[3RD UPDATE] The Philippine government is not keen on reciprocating the unilateral ceasefire the communist rebels are expected to declare before the resumption of peace talks, the government's peace panel chairman said Friday.
Secretary Silvestro Bello III, chair of the negotiating panel for the government, said the the government's declaration is still under study.
"Right now, there is no reason to declare a unilateral ceasefire because our President is more interested in obtaining a bilateral ceasefire agreement," he said in a press briefing in Malacañang.
Bello believes this will not be a setback in the peace talks, as the negotiation for the bilateral ceasefire is the first agenda item when they resume formal negotiations on April 2 in The Netherlands after about two months of suspension.
"I think we should concentrate more on this more important agreement because this is where we will be assured of the lowering or the ending of hostilities. At the same time we are assured of the parameters and the terms of reference of the agreement," he said.
The Communist Party of the Philippines (CPP) said earlier this month they will declare an interim ceasefire by March 31 in anticipation of the fourth round of peace talks.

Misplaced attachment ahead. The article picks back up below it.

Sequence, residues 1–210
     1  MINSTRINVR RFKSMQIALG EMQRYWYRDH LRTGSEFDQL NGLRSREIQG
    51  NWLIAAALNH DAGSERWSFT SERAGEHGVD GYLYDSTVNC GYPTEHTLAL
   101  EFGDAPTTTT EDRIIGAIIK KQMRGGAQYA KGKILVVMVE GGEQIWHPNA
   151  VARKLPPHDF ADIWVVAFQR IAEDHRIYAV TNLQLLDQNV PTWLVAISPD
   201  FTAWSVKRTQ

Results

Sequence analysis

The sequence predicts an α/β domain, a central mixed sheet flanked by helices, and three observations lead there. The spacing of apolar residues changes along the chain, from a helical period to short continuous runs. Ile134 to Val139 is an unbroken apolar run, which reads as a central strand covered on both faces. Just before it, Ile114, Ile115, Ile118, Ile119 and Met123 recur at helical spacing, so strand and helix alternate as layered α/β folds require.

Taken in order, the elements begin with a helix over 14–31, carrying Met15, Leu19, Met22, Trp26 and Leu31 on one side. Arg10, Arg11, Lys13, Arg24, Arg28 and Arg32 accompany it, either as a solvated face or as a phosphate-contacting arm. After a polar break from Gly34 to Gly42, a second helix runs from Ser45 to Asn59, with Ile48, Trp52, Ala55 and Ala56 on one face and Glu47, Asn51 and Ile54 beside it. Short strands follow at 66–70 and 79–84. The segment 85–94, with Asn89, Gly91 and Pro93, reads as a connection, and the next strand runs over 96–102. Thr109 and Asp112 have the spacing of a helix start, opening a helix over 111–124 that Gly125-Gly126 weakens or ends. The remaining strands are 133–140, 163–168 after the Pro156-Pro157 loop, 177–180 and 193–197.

But Bello believes without the government's declaration, the Leftist rebels too will not impose a ceasefire.
"I don't think they will declare if we will not declare," he said.
"If they feel we are not prepared to declare one, then I don't think we will proceed with the declaration of a unilateral ceasefire," he added.
Without the truce from the government's side, Bello assured that the military will maintain its "normal" operations.
"Normal [meaning] they have to do their work as protectors of our people, maintain peace and order. Wala munang activities beyond that," he said.
BILATERAL CEASEFIRE, RUN-INS WITH ARMED REBELS
Bello is optimistic a bilateral ceasefire can be forged by the conclusion of the fourth round of talks, noting that drafts on the "terms and conditions and parameters" have already been exchanged.
More importantly, he said, countries such as Switzerland, Canada and Australia have manifested their intent to act as third party facilitators for the bilateral ceasefire.
Bello said he would "not discount" the possibility of President Rodrigo Duterte joining the panels in The Netherlands if a bilateral ceasefire is indeed signed.
Duterte scrapped the peace talks due to disagreements over the release of some 400 political prisoners and the killing of soldiers after the insurgents terminated the ceasefire.
Bello asserted however that skirmishes between the government forces and the rebels are to be expected because "we are in state of armed conflict."
"We are in a negotiation. When you negotiate, you must negotiate from a position of strength kaya pinapakita nila na meron silang lakas at dapat silang kausapin, kasi kung wala silang pinakitang lakas, hindi na natin sila kakausapin," he said.
According to the Armed Forces, two soldiers and ten communist rebels were killed in an encounter in General Nakar, Quezon Thursday, but Bello assured that this will not bog down the talks.